When Gary Sohmers launched his 30-day Kickstarter campaign, he was optimistic about raising the $22,000 needed to fund his creation: video technology that lets a fan witness a celebrity sign a personalized autograph. But in late March, with 41 hours left and only $830 raised, he was in a different mood.
“You hope all those people you’ve done favors for will think, ‘Gary’s never asked for anything, and now he’s asking for just a dollar, or $10,’ ” said Sohmers, a Hudson-based antiques and collectibles dealer who has appeared as an appraiser on PBS’s “Antiques Roadshow.” “That’s the emotional part. It’s not the money — it’s the support you hope to get from friends.”
Well aware that under Kickstarter’s all-or-nothing policy, only projects that hit their goal get any funding, Sohmers’s voice trailed off, and the clock continued its merciless march.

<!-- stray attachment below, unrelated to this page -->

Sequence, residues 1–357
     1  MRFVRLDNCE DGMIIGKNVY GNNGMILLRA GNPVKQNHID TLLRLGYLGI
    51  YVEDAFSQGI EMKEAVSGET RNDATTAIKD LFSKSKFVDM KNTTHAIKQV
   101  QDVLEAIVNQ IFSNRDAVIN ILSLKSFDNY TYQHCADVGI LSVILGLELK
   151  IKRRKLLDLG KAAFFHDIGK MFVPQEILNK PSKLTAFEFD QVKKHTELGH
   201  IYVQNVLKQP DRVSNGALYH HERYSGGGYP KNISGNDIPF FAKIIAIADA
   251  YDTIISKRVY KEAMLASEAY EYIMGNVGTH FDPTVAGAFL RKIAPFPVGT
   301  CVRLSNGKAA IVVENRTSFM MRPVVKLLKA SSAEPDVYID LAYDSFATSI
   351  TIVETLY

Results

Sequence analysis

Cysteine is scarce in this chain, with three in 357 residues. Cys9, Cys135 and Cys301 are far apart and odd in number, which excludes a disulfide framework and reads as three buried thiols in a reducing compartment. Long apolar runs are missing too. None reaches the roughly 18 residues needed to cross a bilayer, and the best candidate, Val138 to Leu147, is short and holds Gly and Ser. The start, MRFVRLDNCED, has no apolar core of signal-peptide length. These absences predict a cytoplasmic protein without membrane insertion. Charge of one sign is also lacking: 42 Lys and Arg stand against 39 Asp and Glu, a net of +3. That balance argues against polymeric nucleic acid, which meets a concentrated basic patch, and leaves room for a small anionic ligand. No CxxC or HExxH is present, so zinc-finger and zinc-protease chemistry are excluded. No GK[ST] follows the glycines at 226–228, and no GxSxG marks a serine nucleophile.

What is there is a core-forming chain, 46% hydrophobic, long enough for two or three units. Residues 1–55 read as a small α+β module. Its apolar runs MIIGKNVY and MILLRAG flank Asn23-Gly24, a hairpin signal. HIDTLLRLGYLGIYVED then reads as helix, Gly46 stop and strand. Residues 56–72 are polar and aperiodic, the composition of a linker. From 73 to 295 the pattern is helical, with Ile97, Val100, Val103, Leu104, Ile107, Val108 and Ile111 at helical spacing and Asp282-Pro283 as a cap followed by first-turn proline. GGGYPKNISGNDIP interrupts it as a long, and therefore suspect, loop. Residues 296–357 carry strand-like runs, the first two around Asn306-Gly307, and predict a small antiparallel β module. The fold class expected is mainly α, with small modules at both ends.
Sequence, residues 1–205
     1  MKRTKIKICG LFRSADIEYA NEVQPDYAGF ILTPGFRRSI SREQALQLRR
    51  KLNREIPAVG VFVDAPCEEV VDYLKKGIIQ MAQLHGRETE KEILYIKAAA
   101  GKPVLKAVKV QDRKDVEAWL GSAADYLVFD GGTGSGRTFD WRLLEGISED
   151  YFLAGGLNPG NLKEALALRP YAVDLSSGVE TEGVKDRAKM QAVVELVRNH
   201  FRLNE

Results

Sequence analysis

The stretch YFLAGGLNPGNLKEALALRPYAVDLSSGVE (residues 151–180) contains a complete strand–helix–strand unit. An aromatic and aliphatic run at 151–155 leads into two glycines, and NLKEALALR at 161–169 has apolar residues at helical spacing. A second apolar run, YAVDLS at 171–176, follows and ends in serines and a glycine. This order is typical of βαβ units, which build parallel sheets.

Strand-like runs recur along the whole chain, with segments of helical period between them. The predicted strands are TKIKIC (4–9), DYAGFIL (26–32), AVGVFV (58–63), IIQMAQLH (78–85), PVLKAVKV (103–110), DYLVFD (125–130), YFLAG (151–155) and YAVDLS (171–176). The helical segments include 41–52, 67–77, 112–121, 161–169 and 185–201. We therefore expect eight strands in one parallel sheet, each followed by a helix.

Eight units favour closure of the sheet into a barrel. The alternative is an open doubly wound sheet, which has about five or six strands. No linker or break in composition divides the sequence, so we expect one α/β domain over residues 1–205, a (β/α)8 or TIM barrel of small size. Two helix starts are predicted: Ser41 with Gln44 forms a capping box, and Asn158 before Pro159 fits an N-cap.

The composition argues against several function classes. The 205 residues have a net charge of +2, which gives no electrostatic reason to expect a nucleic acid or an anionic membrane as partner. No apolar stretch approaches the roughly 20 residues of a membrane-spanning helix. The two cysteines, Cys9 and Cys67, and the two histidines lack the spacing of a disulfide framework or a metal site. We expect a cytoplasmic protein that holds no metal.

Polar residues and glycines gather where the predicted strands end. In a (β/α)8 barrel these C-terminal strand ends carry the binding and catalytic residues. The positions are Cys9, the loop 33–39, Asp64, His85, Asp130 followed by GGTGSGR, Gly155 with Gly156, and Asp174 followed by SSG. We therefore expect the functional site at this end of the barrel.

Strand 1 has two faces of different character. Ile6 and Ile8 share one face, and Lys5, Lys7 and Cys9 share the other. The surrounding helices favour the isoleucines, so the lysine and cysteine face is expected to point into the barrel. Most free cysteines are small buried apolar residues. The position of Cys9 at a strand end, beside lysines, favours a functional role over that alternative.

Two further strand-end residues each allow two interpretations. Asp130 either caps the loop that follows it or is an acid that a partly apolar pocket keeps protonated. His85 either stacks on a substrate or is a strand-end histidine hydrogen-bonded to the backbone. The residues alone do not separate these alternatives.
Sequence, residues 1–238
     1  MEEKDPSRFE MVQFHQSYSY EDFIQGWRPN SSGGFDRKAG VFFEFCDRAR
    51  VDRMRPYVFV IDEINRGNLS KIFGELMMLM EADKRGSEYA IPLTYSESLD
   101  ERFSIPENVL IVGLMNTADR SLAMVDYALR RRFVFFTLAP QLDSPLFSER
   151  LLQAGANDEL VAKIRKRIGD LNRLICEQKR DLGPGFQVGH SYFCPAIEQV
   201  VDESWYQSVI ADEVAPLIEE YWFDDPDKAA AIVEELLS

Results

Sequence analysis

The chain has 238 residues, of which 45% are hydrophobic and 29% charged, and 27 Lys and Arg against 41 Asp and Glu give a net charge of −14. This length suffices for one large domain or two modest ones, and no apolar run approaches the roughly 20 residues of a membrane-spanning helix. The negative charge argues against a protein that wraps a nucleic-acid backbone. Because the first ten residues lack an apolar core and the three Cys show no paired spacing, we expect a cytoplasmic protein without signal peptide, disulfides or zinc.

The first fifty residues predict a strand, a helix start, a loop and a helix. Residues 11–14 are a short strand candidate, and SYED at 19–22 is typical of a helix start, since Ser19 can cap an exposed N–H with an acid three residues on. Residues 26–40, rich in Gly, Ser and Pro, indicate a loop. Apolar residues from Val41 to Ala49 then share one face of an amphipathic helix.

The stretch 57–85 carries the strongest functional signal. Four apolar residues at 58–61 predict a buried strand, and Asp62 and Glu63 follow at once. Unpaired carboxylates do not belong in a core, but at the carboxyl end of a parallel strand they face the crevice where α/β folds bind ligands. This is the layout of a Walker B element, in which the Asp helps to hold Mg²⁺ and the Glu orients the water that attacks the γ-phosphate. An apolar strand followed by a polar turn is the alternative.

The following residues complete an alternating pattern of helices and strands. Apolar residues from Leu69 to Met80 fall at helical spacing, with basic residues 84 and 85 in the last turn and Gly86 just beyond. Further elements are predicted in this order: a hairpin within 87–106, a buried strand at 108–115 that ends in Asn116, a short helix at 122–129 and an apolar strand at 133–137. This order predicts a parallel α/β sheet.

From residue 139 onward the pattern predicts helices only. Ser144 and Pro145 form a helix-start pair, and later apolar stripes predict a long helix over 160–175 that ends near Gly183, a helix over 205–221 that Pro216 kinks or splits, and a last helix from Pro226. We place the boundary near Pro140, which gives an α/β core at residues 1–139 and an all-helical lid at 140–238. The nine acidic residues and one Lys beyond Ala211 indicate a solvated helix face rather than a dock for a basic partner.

By now the success stories on Kickstarter, the New York-based crowdfunding site for creative projects, are legendary: Fans of the canceled TV show “Veronica Mars” pledged $1 million, half of the goal, in just over four hours to fund a “Veronica Mars” movie (by April 8, the total was at $4.8 million and counting). Singer-songwriter Amanda Palmer raised $1.2 million to fund an album when she was seeking only $100,000. The creators of the Pebble watch, an electronic paper watch that connects with smartphones, raised $10 million — 100 times their goal.
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